· kill the bees in the affected hive, and
· destroy the affected hives by burning, or
· treat the hives by hot wax dipping,
· or irradiate the affected hives and frames
If planning to irradiate and reuse frames then it is recommended that you remove those frames prior to euthanasing the colony and protect them from bees robbing them. The honey can be extracted and is perfectly safe for human consumption.

All equipment from an AFB hive should be clearly identified and enclosed in bee proof bags and cartons and not reused until after it has been irradiated. Do not feed any honey back to bees (from an AFB hive or otherwise), which includes the wax cappings from extracted honey. Never allow AFB affected equipment to be exposed to robbing.

For more information about irradiation, refer to the Steritech website.

AFB is fatal and incurable and steps must be taken to eradicate the disease when it is found in your hives. More information on managing AFB including disposal of hives can be found here.

All inquiries should be directed to NSW DPI Bee Biosecurity Officers

Mark Page: mark.page@dpi.nsw.gov.au for amateur beekeepers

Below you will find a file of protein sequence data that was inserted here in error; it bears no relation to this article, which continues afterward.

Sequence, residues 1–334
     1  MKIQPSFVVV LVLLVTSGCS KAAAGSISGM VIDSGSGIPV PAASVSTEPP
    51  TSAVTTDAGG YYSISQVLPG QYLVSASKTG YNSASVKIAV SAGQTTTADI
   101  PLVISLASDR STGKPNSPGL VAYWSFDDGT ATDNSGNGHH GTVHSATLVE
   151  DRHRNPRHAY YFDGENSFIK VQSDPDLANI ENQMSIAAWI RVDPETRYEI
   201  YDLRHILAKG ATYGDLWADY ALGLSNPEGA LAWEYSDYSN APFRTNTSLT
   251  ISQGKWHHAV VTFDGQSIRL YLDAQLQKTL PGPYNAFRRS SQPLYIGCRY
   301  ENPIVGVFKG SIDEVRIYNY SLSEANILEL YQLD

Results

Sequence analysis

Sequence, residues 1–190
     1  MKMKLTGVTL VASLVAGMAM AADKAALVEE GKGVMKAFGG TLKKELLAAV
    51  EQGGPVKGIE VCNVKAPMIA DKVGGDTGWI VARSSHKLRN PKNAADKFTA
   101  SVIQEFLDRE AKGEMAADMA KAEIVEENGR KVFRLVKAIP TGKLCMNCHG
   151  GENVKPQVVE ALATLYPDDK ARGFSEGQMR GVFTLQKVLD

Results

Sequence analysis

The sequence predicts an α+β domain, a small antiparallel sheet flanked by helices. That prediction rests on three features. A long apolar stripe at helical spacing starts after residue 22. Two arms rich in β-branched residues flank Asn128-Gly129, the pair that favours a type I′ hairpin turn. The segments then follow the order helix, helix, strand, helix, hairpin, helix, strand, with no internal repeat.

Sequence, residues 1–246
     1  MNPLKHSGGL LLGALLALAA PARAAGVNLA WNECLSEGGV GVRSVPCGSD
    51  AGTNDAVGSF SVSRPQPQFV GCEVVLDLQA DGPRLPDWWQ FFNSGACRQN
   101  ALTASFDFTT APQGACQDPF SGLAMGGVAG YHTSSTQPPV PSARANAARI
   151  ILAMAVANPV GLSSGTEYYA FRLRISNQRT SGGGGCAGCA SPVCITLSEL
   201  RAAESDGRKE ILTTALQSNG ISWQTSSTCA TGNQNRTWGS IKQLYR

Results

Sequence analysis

OR

Rod Bourke: rod.bourke@dpi.nsw.gov.au for commercial beekeepers


Bee Biosecurity
NSW Department of Primary Industries | Biosecurity and Food Safety
W: www.dpi.nsw.gov.au | www.dpi.nsw.gov.au/biosecurity

If you suspect you have found a new pest, call the Exotic Plant Pest Hotline 1800 084 881

This message is intended for the addressee named and may contain confidential information. If you are not the intended recipient, please delete it and notify the sender. Views expressed in this message are those of the individual sender, and are not necessarily the views of their organisation.

Did the hive inspection. Seems ok. No sunken brood caps. Lots of capped and uncapped brood (they have been collecting lots of pollen). No holes in caps with goopy stuff. I opened up some capped brood and all looked fine. No mummified brood in the frames.
When should I inspect again?

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There is nothing in your pics that is ringing an alarm bee for me. Do your regular hive inspections when the temp is over 22c with little or no wind and no rain. Plan your inspections out in advance so the hive is open for a minimum amount of time, especially in the colder months.
Cheers

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Thanks. I’ll do that. Maybe in another month?
I’ll need to check their honey stores anyway. They’ve got about half a brood box full and half a honey super full so far. Last season at this time they had a full honey super capped and the brood box full as well. Full flow box too. I’d already harvested 26kg from it.
Then I left them the honey super and brood box for winter. Used up the brood box and 7 frames of the honey super over the 2019 winter.
Looks like I’ll need to feed them over this winter if they don’t fill up the honey super soon.
Basically I have a brood box, honey super and the Flow box on top. Only ever harvest the flow box.